As she starts to understand how big these issues are, she might feel worried or uncomfortable.
She will be trying to figure out what these problems mean for her own life.
Awareness of Death
Around this age, kids start to think more about the idea of death.
They start to understand that death is a part of life and this can make them feel scared and unsure.
This new understanding might make them worry more about their own health and safety, and that of people they care about.
Dealing with Worries
Your daughter might be feeling anxious or worried about all these changes.
It’s especially important to nurture and reassure her. Let her know that these feelings are normal and that you’re there to help and guide her through them.
Concerns About Your 10 Year Old Daughter: What to Watch Out For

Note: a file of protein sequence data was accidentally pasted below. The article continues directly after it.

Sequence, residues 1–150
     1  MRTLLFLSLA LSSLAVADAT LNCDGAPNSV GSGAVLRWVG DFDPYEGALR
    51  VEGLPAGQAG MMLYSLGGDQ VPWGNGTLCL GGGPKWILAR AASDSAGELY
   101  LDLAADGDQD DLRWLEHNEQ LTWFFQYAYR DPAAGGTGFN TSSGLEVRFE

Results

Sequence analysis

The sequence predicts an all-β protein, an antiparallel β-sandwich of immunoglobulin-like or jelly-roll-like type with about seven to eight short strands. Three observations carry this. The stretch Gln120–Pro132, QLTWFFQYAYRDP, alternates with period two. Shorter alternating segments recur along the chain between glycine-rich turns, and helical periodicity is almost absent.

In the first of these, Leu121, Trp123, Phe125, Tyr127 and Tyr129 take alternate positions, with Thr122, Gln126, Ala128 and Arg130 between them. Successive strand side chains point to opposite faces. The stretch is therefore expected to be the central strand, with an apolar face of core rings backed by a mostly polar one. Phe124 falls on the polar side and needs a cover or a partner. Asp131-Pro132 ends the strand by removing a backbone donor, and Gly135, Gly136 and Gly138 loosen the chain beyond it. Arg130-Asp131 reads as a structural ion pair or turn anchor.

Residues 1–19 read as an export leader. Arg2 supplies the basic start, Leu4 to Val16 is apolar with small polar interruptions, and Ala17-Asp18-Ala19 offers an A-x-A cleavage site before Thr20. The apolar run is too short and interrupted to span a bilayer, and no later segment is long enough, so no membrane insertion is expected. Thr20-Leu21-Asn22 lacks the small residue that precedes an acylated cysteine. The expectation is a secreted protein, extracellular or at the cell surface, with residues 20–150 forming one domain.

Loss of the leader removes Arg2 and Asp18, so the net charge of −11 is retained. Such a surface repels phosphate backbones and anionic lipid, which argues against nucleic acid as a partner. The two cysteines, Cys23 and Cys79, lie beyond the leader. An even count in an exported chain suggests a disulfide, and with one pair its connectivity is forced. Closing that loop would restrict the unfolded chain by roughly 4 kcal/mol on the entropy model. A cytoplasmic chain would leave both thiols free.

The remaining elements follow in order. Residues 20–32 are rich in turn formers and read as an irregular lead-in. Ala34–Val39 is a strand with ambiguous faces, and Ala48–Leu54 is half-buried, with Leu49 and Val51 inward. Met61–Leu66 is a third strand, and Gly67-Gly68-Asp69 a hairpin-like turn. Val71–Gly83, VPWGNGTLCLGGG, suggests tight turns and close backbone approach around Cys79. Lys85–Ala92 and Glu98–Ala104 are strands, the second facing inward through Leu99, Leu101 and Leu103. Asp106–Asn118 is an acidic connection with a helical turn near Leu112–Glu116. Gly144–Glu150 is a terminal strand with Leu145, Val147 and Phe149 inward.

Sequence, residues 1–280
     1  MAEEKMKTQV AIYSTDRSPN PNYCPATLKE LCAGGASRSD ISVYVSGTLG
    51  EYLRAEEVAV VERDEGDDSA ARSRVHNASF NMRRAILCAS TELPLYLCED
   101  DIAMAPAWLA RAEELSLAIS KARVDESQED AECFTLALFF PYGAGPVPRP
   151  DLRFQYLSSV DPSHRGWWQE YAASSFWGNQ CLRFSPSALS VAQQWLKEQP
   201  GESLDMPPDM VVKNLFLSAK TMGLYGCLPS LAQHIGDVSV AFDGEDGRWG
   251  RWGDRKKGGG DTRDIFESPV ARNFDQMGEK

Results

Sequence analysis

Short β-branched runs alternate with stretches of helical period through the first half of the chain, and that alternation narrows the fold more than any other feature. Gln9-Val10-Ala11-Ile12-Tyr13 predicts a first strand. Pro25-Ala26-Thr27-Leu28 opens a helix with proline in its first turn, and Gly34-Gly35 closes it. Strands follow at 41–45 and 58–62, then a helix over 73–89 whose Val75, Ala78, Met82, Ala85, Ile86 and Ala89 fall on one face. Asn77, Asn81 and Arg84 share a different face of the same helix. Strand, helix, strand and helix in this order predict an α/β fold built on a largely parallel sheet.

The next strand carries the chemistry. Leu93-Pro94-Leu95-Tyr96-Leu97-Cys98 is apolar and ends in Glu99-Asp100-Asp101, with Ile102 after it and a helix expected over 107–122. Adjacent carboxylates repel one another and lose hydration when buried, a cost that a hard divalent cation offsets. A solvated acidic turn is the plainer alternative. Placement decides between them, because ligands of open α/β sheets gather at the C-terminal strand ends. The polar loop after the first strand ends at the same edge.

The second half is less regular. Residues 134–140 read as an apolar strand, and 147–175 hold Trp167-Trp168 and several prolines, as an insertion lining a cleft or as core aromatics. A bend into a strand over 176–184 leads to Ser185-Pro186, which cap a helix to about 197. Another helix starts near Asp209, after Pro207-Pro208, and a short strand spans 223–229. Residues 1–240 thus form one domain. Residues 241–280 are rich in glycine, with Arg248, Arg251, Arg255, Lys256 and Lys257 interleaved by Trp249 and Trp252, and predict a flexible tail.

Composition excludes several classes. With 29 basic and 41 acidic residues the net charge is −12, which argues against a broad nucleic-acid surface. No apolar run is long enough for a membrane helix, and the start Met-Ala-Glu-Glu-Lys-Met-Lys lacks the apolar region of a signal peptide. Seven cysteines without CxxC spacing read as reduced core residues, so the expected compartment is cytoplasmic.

Normal development encompasses negative feelings and emotions. Allowing room for your daughter to experience these and learn from them can be really positive.
However, have your antennae up so you can recognise and prepare for any problematic changes in your daughter as she matures. Keep a look out for any prolonged distress or changes that are having a significant impact on your daughter’s everyday life.
The following changes are normal. Your child may need extra support to navigate these changes if they start to feel overwhelming, however.
Common Physical Changes in 10 Year Old Girls
- Sleep patterns. A lack of sleep may lower resistance to illness, affect mood, lower resilience and increase anxious feelings.
- Signs of puberty and body development. This might include skin breakouts, oily hair, increase in height and changes of hip shape.